|Mark Tarver was born too many years ago to count in the
industrial town of Manchester. One of my early memories
include ruined houses still left from the Blitz. I can also
just remember one of the last great smogs (a wonderful
vision, greyish-yellow like catarrh from a smoker's lungs
and thick enough to tap on the window). I wanted to go out
and play in it but was refused. This was my introduction to
the unreasonable world of adults.
My family moved to Jersey where I grew up. I experienced
the Great Freeze of '63 and Hurricane Betsy in '65. I wanted
to go out and play with Betsy too, but guess what happened
to that idea? My school reports showed I did what I wanted
at my own pace and showed little interest in competition.
This was thought of as a problem, although it seems to me to
be precocious wisdom. I followed in the family tradition by
being placed on school probation (my brother was suspended).
Later I changed and the nadir was reached when I went to
I read philosophy at Reading University graduating in 1978
with a first and then going on to Corpus Christi, Oxford.
The college still sends me expensively bound periodicals of
astounding dullness detailing the minutae of college life.
The last one showed a picture of some ancient cloth which I
at first took to be the corroded underwear of Oliver
Cromwell. Expensively bound, pretentious and utterly dull
would well describe Oxford. I took a Ph.D. at Warwick and
found my way into computing by way of the BBC micro.
4 years old in industrial Manchester; with the same
precocious attitude and suave dress sense that I carried
into later life.
I had 32 KB of main memory to play with. It was an
invitation to boldly go where no man has gone before and I was in charge
of the spaceship equivalent of the Galileo shuttle. It was great fun.
From there it was a hop to working in a software company and then to the
philosophy department at Leeds which was investing in computers.
I knew the location of the little red switch at the back on the computer
that turned it on. Who would have thought? Heads were turned. I had
already solved an outstanding open problem and so I got the job. It was
an invitation to mess about for two years with computers.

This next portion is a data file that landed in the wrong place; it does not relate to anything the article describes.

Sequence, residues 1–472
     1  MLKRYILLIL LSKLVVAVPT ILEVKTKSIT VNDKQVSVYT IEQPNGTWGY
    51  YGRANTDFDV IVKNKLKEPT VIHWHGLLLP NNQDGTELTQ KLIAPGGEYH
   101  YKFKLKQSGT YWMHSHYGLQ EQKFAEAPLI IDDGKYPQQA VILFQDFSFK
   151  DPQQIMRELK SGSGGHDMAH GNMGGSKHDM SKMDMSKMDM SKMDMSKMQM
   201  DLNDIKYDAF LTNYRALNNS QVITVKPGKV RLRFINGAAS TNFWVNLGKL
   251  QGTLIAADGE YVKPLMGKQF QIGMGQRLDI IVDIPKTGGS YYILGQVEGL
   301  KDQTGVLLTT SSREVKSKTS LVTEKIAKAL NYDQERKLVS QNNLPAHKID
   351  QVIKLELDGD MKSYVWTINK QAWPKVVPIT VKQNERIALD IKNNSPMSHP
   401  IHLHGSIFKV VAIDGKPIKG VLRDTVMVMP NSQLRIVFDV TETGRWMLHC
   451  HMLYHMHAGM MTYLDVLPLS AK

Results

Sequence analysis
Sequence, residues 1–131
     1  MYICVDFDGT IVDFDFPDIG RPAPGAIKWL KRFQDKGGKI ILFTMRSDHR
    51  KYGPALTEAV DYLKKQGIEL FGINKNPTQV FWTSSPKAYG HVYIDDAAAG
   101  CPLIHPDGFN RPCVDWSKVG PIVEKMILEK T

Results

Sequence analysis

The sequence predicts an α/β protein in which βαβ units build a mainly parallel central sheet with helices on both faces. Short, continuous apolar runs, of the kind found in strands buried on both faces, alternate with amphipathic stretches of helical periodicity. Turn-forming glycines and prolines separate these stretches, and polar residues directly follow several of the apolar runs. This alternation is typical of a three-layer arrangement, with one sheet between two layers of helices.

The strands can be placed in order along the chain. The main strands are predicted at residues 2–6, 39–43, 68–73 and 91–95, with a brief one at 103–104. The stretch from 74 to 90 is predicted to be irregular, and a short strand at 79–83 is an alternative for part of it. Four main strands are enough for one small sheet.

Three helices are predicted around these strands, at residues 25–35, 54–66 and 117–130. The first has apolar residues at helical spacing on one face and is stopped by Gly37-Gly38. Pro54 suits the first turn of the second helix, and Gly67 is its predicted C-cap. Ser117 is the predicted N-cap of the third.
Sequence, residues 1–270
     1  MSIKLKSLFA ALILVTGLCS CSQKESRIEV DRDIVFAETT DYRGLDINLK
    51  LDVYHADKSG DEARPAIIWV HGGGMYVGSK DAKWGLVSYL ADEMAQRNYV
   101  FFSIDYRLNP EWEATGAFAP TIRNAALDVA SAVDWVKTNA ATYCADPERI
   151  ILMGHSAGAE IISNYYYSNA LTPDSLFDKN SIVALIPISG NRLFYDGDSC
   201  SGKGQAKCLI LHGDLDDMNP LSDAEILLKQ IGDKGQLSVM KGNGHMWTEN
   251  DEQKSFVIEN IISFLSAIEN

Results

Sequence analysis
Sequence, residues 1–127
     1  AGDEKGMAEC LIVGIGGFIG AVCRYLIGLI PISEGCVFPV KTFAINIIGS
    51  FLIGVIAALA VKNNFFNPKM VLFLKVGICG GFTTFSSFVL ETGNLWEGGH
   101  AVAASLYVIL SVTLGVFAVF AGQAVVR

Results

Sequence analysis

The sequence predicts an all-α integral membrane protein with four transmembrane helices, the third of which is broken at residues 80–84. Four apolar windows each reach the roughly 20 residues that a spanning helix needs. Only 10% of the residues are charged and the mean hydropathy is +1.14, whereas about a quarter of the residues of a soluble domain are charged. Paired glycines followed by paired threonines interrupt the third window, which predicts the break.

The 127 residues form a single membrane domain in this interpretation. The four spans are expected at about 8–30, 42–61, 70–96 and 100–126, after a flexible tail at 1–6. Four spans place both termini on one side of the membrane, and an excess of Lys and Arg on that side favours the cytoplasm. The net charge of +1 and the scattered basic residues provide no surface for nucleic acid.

There was one person in the philosophy department who was treated with
disdain. He smoked continental cigarettes and wore NHS granny glasses
mended with cellotape. His name was Gyorgy and he was a Hungarian in
exile. Gyorgy was unpopular because he actually knew something about
computers and did not hide the fact, and because he wrote impeccably
grammatical English sentences that really required the use of a bracket
balancing editor to read them. One famous example was his seminar
abstract which consisted of a single sentence of 200 words.
Of course Gyorgy wrote in Lisp and so I was hooked. We competed for the
attentions of the DEC-10 mainframe, a class act who bestowed her favours
impartially on both admirers. Gyorgy was infamous in computer support
for resource-hungry Lisp programs that dimmed the lights whenever he ran
They were good times and of course they could not last. The government
got wind of the fact that we weren't actually producing anything, but
enjoying ourselves and put a stop to it. After two years of anarchy with
Lisp, in 1988 I was sent to the LFCS in Edinburgh for correctional
training in ML. Two years after that I returned to Leeds and gave my
talk on ML. The first slide was titled
Why is Programming in ML like Safe Sex?
Because you can't catch any bugs but it's not much fun.
But I liked the idea of pattern-matching and borrowed this
for Lisp. Thus was taken the first step to Shen.
Leeds was fun at first and then it too got very serious. The department
took the government directives seriously and started to turn itself into
a 'centre of excellence'. Finding myself increasingly out of step with
the fuhrer directives, I left in 1999.
Then off to America in 2002 and Stony Brook. I was an instructor for
discrete maths and given a deadly book by a chap called Anderson as the
course text. Weighing the equivalent of bucket of lard and about as
digestable, it turned me off so much that I donated it to a grad student
and rewrote the course. We used computer-assisted proof to learn logic
and these innovations seriously annoyed the UG committee. My resignation
was a foregone conclusion but still remains, in my view, a masterpiece
of how to napalm your bridges in style. It also contains a plea for
making computer science coherent and interesting. From the ashes of that
course was to spring Logic, Proof and Computation.
At 56 what I've learnt from life is that if you want to be free, you
have to work at it and make sacrifices. Most particularly you have to
beware people who tell you that true freedom is giving them your work
and time for free. Remember if you're not irritating somebody, you're
not being yourself.